India and Russia, in a move that could invite US sanctions under CAATSA, have formally inked the $ 5.2 billion deal for S-400 system. The air defence system is expected to be delivered by the year 2020.
Russian President Vladimir Putin, who is on a two-day visit to India, met Prime Minister Narendra Modi on Thursday evening, and was personally welcomed by Foreign Minister Sushma Swaraj at the airport.
Putin arrived at the Hyderabad House here on Friday to attend the 19th India-Russia bilateral annual summit with Prime Minister Modi. They are slated to discuss a number of key global and regional issues, including the US sanctions on Iranian oil.
THE S-400 ::
The Russian S-400 Triumf advanced air defence system became a bone of contention between India and the US, particularly after the latter brought in a new law on August 2, 2017, called ”Countering America’s Adversaries Through Sanctions Act’ or CAATSA. This, among other things, imposed new sanctions on Iran, Russia and North Korea. This limited India’s ability to purchase arms and ammunition from Russia since such an act would be tantamount to inviting sanctions from the US. It also forces India to use a currency apart from the US dollar to set the exchange rate between the rouble and the rupee. India was previously honouring its payments for defence contracts with the US dollar.
The the S-400 Triumf is an advanced surface-to-air missile system, developed by Russia’s state-owned company Almaz-Antey, and can shoot down hostile aircraft and ballistic missiles. It has an estimated range of 250 kilometres and a possible upgrade is speculated to extend it to 400 kilometres.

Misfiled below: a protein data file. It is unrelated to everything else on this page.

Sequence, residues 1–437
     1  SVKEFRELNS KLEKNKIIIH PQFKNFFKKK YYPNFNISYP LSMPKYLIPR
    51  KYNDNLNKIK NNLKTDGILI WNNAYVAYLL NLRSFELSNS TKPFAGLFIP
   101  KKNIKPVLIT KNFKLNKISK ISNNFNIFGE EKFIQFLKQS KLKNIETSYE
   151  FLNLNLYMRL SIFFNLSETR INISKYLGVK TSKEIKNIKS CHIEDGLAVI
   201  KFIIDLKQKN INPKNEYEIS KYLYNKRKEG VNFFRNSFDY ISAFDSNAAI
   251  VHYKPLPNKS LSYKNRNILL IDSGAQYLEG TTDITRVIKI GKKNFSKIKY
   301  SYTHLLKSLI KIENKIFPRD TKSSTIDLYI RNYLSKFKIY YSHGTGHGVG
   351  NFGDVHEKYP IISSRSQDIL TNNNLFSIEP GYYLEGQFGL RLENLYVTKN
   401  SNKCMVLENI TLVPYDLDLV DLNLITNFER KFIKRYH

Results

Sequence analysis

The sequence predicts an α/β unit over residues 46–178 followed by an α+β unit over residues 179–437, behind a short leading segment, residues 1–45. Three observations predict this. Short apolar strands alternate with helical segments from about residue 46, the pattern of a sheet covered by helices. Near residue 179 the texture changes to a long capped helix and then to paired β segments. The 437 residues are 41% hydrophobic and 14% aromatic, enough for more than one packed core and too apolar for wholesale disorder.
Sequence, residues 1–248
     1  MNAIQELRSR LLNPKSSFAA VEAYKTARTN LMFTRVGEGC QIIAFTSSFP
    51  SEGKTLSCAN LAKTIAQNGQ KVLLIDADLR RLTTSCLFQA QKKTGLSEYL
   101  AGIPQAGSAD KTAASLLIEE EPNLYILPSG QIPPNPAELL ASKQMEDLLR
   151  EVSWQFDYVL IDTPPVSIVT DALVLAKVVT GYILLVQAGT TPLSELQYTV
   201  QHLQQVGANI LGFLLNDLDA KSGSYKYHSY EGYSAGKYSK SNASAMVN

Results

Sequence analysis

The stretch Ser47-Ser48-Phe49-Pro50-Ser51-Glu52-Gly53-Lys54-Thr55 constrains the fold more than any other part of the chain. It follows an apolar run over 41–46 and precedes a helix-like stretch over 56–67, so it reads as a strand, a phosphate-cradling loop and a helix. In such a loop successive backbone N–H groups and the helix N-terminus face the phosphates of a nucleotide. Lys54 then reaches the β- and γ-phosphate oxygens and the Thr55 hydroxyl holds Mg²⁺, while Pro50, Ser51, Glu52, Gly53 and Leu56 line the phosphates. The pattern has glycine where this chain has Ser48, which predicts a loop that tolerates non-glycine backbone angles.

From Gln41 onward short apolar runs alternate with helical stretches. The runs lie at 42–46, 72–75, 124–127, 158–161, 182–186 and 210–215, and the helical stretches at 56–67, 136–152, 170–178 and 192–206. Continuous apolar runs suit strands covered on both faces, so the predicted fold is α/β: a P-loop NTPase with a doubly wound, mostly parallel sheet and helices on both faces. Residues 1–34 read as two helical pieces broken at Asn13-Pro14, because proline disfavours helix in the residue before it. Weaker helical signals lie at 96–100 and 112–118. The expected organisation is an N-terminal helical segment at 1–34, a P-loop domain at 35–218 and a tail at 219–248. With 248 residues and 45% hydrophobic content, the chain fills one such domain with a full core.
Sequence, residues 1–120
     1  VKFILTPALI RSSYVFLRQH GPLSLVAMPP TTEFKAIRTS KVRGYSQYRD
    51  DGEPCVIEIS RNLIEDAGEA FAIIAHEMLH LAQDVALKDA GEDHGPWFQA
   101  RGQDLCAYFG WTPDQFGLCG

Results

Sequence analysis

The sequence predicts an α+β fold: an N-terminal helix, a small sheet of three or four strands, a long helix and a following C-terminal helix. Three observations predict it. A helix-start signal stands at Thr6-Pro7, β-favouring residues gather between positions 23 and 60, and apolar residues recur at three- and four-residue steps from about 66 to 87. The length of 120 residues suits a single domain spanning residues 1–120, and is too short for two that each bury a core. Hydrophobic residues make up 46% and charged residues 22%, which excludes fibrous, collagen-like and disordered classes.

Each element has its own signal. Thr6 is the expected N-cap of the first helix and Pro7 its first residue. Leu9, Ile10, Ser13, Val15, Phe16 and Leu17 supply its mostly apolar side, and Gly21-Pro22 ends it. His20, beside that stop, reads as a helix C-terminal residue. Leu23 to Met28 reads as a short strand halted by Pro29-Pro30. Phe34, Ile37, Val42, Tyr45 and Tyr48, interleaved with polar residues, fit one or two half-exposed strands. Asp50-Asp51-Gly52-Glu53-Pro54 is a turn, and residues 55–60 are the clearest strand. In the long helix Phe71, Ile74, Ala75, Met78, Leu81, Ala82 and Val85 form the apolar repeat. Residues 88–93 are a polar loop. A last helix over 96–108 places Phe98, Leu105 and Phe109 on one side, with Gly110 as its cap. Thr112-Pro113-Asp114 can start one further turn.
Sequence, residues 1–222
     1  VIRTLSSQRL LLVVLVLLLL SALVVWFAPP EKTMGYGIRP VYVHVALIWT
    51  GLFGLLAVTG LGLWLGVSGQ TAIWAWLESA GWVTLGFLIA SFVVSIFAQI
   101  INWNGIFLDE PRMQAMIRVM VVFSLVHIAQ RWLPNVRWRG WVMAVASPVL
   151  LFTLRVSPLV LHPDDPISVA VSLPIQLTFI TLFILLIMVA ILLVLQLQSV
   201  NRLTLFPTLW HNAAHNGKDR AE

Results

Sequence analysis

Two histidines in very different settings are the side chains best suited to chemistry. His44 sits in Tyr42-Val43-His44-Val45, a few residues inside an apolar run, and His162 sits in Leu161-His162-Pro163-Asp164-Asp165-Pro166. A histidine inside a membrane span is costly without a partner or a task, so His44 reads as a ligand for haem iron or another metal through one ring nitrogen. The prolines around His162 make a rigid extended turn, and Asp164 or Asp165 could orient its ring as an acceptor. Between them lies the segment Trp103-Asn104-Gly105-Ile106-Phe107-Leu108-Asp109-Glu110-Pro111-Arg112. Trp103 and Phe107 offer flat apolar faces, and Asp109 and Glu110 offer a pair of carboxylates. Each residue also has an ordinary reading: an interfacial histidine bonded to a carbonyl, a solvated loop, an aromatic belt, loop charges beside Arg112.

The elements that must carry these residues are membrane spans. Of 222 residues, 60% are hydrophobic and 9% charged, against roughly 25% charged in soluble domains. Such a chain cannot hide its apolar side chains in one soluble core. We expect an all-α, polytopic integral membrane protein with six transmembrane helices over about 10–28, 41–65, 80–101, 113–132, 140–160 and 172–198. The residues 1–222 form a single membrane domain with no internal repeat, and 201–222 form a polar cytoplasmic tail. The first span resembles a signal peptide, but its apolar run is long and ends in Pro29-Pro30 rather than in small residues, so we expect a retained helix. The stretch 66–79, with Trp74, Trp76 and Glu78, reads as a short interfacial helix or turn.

The S-400 battery has four transporter erector launchers (TEL) which are essentially missile vehicles that can carry and launch missiles. There are four launch tubes in each TEL. The system also includes a fire control radar and a command post. This enables it to fire surface-to-air missiles and eliminate incoming missile or adversary, thus creating an air defence shield.
GEOPOLITICAL TOOL ::
The S-400 is not merely military equipment for Russia but a tool for geopolitical strategy. The Russians, despite the sanctions on Almaz-Antey, are actively offering it to a number of countries, including NATO members such as Turkey, which has signed a provisional agreement to purchase it in December, despite US warnings. China has reportedly already acquired the first set of S-400 system including the command post, radar stations and launching stations. The S-400 may also be purchased by countries such as Algeria, Belarus, Iran and Vietnam, thus reducing the American sphere of influence.
The other reason US is up in arms against the S-400 is the missile defence system’s reported ability to take down American stealth fighter jets including the F-35. If Turkey were to acquire the S-400 along with the American F-35 (which it has already ordered from the US), then the exact nature of the F-35’s weakness would be apparent to them. Such information could also eventually find its way to Russia.
“We have made it clear that CAATSA is a U.S. law and not a UN law,” said Defence Minister Nirmala Sitharaman on July 13, 2018.
Although the United States Congress has passed the conference report on National Defense Authorization Act-2019 (NDAA-19) which provides a modified waiver to section 231 of CAATSA, President Trump will need to grant his approval for helping India evade American sanctions. This might go against his ‘America First’ policy of favouring US interests over global concerns.
SOURCE : ET